To produce unbiased estimates for LSMS, each sample household should be weighted by the inverse of its selection probability. Detailed information is available in document "BASIC INFORMATION DOCUMENT (2001)". An important point about the LSMS weights is that they have considerable variability.
Dates of Data Collection
Data Collection Mode
(a) DATA ENTRY
An integrated approach to data entry and fieldwork was adopted in Bosnia and Herzegovina. Data entry proceeded side by side with data gathering to ensure verification and correction in the field. Data entry stations were located in the regional offices of the entity institutes and were equipped with computers, modem and a dedicated telephone line. The completed questionnaires were delivered to these stations each day for data entry. Twenty data entry operators (10 from Federation and 10 from RS) were trained in two training sessions held for a week each in Sarajevo and Banja Luka. The trainers were the staff of the two entity institutes who had undergone training in the CSPro software earlier and had participated in the workshops of the Pilot survey. Prior to the training, laptop computers were provided to the entity institutes, and the CSPro software was installed in them. The training for the data entry operators covered the following elements:
- Introduction to the LSMS Survey questionnaire; Introduction to the personal computers/ lap top computers; Copying data on diskette and printing of output
- The Data entry programme (CSPro). Understanding of the Round 1 data entry screens (Modules 1-10)
- Practice of Round 1 (data entry trainees enter questionnaires completed by interviewer trainees during practice interviews)
- Understanding of Round 2 Data entry screen (Modules 11-13)
- Practice of Round 2 Data entry screens (data entry trainees entered the questionnaires completed by interviewer trainees)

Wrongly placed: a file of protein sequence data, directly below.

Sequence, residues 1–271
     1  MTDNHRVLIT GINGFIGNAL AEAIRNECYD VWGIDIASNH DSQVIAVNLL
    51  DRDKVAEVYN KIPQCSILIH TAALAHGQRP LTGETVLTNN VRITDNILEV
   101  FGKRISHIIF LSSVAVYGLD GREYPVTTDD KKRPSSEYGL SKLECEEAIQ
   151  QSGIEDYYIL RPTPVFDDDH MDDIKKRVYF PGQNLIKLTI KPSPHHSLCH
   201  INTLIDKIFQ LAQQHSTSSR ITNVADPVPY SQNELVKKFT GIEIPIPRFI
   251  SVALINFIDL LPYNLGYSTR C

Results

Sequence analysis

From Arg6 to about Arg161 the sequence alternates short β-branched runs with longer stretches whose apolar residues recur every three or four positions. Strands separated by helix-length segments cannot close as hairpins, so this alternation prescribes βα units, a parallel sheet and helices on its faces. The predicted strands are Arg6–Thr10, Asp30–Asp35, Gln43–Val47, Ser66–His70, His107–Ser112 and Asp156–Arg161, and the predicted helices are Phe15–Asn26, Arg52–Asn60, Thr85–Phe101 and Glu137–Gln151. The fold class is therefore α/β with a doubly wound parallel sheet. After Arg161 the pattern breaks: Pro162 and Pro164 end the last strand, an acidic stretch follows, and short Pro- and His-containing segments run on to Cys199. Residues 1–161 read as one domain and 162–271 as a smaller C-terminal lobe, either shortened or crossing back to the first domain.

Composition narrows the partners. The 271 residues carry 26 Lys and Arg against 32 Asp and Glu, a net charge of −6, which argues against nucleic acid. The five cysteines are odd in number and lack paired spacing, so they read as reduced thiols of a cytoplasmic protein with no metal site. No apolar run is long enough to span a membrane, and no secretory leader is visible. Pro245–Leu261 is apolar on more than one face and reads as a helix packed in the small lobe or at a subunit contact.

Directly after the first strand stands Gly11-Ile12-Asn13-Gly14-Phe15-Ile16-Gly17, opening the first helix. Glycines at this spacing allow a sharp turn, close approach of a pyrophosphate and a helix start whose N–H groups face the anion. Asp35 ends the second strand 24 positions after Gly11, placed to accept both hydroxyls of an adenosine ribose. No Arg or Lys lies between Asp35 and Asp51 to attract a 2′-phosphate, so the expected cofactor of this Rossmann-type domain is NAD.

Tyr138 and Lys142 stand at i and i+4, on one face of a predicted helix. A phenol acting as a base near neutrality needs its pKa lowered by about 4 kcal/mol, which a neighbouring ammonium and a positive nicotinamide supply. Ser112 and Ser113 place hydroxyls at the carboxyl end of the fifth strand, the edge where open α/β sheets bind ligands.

- Control Procedures; Copying data on diskette and printing lists of errors; Transfer of the data through email to the institutes
The data entry programme was fine-tuned during the training. Some unexpected responses during the interviews had to be accommodated and a few skip patterns fixed. The training emphasized the role of the data entry operator as a member of the survey team, and how the outputs of the programme (error lists) were to be provided to the supervisors and interviewers for necessary correction. The goal was to produce high quality data. Several of the key features of this were:
1. Pre-coded verbatim questionnaires
2. Error detection at the time of data entry
3. Data entry that was concurrent with fieldwork
4. Correction of suspected errors in the field.
(b) QUALITY CHECKS
The following checks were incorporated in the data entry software:
1. Value Range: The program checked to ensure that the values entered were within the valid range for each variable;
2. Reference tables: Where appropriate, the entered data were checked against reference values ( e.g. the price of a kilo of tomato could not exceed 10 KM
3. Skip checks: The program checked that all appropriate skips were followed, both within and between different units of observation;
4. Checks for consistency between different responses: The program checked for internal consistency. For example, whether the age of a person was sufficient for the education level attained, if a filter question for agriculture had a positive response that the module had all relevant information entered and the like.
After the data entry was completed in the field, the data were transferred through email to the central offices in Sarajevo and Banja Luka with the help of PCAnywhere Software. The data entry programme was designed to detect many of the errors even at the stage of data entry, thereby minimizing the need for ex-post facto data editing. Once all data was compiled in the entity offices, a check was made to ensure the structural consistency of data files, i.e. that no records were duplicated or omitted. When the RS and FBiH data files were merged it became apparent that a last minute decision on the treatment of decimal places in several modules had been different in the two entities. Thus, the two data bases were not compatible. A correction was made and data from these modules were re-entered. Once this was done, the data sets were compatible, and a countrywide data set was created. During this process some additional double entry was carried out to correct any data entry operator errors that had occurred. Data Cleaning It is important to note what is meant by 'data cleaning' in terms of the BiH-LSMS data set. In the sense that the data set is a faithful reflection of the responses of all interviewees the data set can be considered 'cleaned'. Every effort was made to ensure that the information provided during the interviews was correctly entered in electronic format.